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Digital Manufacturing Grows Three-Fold in Two Years

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Most manufactures (84%) are currently implementing or evaluating digital manufacturing strategies, whereas only 27% were doing so in 2018.

The Covid crisis may have pushed more organizations into the digital realm, but digitization has been pursued in earnest among manufacturers for the past two years. Initiative including process simulation and the internet of things have been moving forward a an impressive pace.

The growth of digital initiatives among manufacturers was explored in a recent survey of 200 manufacturing executives, which finds industrial IoT adoption is three times higher than it was just two years ago. The survey, jointly conducted by SME, a professional association of manufacturing professionals, and Plataine, an industrial IoT provider, was conducted before the Covid-driven shutdown in the spring of 2020.

See also: Mutually Complementary: Continuous Intelligence, IIoT, and Digital Twins

Just about all respondents, 84%, are currently implementing or evaluating digital manufacturing strategies, whereas only 27% were doing so in 2018. Respondents who participated in the 2020 survey indicated their companies are making strides to become digital. 41% of respondents indicated their companies are at least “mostly digital” in 2020, up from 26% back in 2018.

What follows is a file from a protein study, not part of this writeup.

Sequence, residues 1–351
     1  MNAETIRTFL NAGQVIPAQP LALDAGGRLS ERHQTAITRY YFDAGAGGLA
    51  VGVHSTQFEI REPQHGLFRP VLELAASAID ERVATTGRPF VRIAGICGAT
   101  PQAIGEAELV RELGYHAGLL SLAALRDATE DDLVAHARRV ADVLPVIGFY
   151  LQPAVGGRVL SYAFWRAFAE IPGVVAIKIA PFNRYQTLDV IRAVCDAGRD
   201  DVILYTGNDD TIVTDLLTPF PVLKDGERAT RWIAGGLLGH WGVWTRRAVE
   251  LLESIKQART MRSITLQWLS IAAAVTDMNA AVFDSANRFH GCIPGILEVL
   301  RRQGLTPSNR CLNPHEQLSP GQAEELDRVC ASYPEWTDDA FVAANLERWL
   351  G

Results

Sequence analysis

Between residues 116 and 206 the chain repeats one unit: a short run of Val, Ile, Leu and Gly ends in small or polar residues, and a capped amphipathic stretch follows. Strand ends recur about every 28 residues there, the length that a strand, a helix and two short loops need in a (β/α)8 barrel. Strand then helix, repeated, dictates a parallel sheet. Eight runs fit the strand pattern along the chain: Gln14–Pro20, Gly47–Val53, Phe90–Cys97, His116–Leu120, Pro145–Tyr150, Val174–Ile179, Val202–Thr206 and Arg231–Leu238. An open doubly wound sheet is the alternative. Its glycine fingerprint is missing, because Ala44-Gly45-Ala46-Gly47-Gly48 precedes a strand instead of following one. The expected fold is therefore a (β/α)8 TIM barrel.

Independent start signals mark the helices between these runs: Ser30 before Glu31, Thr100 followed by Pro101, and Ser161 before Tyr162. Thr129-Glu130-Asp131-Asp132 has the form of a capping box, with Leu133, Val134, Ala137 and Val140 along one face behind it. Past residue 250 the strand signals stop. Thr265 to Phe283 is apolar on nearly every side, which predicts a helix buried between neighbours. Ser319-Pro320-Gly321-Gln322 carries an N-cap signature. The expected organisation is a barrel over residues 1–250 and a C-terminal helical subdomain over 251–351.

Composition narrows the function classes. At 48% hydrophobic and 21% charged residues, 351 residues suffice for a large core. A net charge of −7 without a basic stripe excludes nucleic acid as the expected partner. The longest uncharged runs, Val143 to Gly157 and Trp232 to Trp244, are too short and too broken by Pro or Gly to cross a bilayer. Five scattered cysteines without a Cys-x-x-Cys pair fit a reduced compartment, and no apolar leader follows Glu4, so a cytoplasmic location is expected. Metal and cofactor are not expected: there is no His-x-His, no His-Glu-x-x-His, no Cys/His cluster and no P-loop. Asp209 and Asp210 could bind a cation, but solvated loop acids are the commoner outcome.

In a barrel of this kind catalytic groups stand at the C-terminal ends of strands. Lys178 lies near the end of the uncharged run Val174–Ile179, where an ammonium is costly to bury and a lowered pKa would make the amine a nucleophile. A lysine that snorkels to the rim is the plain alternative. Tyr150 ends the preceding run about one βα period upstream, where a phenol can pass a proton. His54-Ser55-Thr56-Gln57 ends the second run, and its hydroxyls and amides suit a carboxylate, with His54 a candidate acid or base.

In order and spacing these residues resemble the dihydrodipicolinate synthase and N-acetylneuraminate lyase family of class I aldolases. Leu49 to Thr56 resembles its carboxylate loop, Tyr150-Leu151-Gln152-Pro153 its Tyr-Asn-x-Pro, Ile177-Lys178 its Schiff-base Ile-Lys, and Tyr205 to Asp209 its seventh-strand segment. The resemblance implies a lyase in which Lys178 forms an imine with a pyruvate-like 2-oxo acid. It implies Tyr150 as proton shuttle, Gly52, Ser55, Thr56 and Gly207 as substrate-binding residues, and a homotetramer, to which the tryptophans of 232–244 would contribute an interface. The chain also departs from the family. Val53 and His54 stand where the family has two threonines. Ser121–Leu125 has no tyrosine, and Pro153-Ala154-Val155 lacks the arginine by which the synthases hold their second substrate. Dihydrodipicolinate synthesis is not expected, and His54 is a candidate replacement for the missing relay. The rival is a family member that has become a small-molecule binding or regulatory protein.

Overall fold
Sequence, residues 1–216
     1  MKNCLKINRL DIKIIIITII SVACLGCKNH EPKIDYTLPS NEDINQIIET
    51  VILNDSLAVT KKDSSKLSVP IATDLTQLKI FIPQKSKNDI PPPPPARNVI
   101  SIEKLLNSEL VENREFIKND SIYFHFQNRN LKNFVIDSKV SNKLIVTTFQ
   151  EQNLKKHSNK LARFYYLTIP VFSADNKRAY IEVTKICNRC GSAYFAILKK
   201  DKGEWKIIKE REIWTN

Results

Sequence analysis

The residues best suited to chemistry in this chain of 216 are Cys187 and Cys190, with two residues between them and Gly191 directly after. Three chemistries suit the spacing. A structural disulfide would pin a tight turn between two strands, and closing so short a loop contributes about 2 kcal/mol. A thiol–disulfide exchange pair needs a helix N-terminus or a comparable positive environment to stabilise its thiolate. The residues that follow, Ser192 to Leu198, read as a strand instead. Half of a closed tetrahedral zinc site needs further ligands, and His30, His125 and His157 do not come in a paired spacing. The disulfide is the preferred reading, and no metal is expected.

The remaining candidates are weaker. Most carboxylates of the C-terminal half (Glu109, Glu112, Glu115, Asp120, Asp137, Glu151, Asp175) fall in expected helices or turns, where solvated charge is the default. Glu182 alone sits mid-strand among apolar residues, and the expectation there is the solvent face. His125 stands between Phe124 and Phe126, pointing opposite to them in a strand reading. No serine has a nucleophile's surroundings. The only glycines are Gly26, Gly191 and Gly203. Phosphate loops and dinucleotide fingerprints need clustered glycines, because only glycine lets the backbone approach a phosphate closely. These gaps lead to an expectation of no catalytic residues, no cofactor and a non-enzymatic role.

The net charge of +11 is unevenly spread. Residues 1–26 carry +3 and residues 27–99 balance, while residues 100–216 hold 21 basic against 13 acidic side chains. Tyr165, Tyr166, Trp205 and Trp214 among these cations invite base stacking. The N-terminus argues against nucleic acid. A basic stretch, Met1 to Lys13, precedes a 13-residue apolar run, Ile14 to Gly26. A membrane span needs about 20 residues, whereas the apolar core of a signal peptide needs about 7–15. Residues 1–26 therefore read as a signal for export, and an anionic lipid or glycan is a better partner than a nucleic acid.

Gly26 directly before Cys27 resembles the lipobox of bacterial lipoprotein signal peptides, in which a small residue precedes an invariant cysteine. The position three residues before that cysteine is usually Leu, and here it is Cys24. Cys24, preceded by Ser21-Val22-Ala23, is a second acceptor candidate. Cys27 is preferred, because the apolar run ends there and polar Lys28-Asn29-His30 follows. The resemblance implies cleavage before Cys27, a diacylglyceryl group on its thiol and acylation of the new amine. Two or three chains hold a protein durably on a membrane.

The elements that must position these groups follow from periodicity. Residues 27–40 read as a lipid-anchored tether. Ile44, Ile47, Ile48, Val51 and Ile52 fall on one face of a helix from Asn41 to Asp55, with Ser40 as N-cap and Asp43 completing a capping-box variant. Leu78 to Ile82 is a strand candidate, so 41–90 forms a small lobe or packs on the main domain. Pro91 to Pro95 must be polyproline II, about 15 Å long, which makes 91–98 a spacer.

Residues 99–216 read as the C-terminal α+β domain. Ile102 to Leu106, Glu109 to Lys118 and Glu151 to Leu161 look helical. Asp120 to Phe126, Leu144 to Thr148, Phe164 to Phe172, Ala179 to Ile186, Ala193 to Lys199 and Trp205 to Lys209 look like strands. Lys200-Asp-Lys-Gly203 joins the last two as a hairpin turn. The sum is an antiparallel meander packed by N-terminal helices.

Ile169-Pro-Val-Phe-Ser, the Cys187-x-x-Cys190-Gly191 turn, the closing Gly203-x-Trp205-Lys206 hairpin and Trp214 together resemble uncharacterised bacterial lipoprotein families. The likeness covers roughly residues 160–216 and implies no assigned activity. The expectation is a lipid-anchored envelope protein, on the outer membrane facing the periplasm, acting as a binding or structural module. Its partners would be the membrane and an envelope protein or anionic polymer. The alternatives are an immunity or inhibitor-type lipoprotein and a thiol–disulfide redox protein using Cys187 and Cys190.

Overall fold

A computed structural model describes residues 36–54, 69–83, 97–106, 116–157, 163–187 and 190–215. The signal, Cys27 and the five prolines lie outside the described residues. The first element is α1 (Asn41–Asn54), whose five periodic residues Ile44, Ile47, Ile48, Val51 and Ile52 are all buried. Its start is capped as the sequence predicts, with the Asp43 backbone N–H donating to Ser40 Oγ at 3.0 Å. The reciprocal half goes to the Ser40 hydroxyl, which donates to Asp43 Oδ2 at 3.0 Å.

More than 66% of respondents find Industrial IoT as a very important part of the future of their company’s success. The main technologies that are part of industrial IoT include process and product simulation (76%), big data and analytics (69%), and 3D printing/additive manufacturing (64%). Also seen as key to IIot initiatives are autonomous robots and sensors (56%) and product and plant digital twins (56%).

Survey researchers took a close look at the patterns among digital leaders (27% of respondents), of whom 69% have implemented or are implementing Industry 4.0 solutions, versus 48% of late adopters.

The motivations for moving to digital vary. A majority of advanced manufacturers, 54%, point out that their main challenge is to lower production costs and 51% are looking to improve on-time delivery and estimate delays. Another 47% seek to lower their quality risks. At least 39% seek to improve their ability to predict machine or tool failure.

While the survey has marked progress toward digital manufacturing, there is still much to be done, the SME report’s co-authors report. “While the manufacturing sector generates a great amount of data, only a few companies are harnessing it to improve operational efficiencies,” they state. “In the next decade, digital manufacturing technologies will allow companies to connect physical assets by a ‘digital thread’—unleashing a seamless flow of data across the value chain that will link every phase of the product life cycle, from design, through production to distribution, point of sale, and use.”

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About Joe McKendrick

Joe McKendrick is RTInsights Industry Editor. He is a regular contributor to Forbes on digital, cloud and Big Data topics. He served on the organizing committee for the recent IEEE International Conference on Edge Computing (full bio). Follow him on Twitter @joemckendrick.

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